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Chamber orchestra struggles, Zebrowski shines

MIT Chamber Orchestra
Kresge Auditorium.
Oct. 30.

By Anne Wall

Staff Reporter

The MIT Chamber Orchestra gave its first concert of the season Saturday night at Kresge Auditorium. Despite the dismal weather, the orchestra had a reasonable-sized crowd. The program featured works by Gustav Holst, Richard Wagner, and W. A. Mozart. The guest soloist for the evening was pianist Marek Zebrowski, who is currently teaching in the Boston area and on the faculty of MIT as well as the University of Massachusetts.

The evening got off to a lively start with Holst's St. Paul Suite, a jaunty little piece for strings based on various English folk songs. The orchestra was generally able to keep the mood in the lighter moments, but the more melodic and tuneful parts suffered from a lack of direction in phrasing. Intonation problems, mostly in the second violins, also detracted from the overall enjoyment of the piece.

Next came Wagner's Siegfried Idyll, which he wrote and dedicated to his second wife after the birth of their son. The music was supposed to be a lovely and gentle serenade, but intonation problems ran rampant and destroyed many of the effects. While there were many distracting problems in other sections, the flute and clarinets did quite well with their solo lines.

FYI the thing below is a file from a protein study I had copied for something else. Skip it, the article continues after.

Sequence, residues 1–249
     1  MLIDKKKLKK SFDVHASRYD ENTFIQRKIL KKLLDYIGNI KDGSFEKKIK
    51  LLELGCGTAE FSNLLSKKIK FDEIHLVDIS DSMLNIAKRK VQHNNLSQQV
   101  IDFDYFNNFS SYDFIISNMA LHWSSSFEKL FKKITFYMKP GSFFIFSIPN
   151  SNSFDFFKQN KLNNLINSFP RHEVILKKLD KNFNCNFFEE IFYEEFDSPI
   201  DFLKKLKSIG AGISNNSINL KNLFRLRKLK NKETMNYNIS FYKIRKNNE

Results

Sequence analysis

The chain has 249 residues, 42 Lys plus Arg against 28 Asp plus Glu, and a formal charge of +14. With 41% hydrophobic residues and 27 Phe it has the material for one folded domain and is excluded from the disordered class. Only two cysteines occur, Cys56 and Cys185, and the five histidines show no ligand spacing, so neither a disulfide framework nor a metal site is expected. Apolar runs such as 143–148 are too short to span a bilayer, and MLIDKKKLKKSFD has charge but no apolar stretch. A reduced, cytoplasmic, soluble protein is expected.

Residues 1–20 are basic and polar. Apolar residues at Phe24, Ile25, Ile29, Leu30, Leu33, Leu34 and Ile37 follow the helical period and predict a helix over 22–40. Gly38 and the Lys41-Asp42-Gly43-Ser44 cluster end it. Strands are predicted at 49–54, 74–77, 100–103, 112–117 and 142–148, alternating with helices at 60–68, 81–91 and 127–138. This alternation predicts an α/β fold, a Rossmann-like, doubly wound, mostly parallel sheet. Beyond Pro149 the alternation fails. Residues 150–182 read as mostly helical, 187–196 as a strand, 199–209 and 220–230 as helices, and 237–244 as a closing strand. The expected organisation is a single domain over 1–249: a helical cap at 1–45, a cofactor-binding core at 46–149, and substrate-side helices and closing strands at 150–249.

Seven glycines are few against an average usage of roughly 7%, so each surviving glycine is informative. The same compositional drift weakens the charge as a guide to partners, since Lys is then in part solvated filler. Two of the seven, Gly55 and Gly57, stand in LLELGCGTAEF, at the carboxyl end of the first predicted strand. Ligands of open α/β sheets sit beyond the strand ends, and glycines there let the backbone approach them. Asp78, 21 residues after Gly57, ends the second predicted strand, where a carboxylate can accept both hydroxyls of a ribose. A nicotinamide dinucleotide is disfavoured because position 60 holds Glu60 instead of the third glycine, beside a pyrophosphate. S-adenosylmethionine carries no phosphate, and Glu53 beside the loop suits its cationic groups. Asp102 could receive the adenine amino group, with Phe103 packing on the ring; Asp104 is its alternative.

After the intermission Marek Zebrowski gave a musical and convincing performance of Mozart's Piano Concerto No. 9 in E-flat Major, "Jeunehomme," K.271. Once again the orchestra had an especially hard time with intonation. The horns had trouble playing true intervals, the second violins were at it again, and the oboes provided further fuel for oboe jokes. The oboe sound was far too loud and harsh, cutting through the orchestra's and soloist's sound and disturbing the balance. In spite of trouble in the orchestra, Zebrowski gave a delightful and moving performance of this concerto.

Perhaps the most disconcerting behavior of the evening did not come from the oboe section. Concert etiquette seemed to be a foreign phrase to several concert goers. Many latecomers simply walked in right in the middle of a piece, without even waiting for a break in the movements. Perhaps the most uncouth performance came from a couple who walked in late with what appeared to be a pizza, went to the front of the auditorium, and promptly slung their legs over the seats in front of them and settled in as they were ready to take a siesta. One concert goer had her feet up on the railing in front of her. This behavior can be distracting to a performer, and is almost always distracting to the audience.

One must take into account that all of the musicians are full-time students at MIT, and therefore one can assume they don't get a whole lot of time to practice and rehearse. Perhaps some of the repertoire is too challenging, as well. Conductor Steven McDonald seems to be quite professional and musical, and perhaps under his further guidance the orchestra will have a good chance of improving as the year goes on.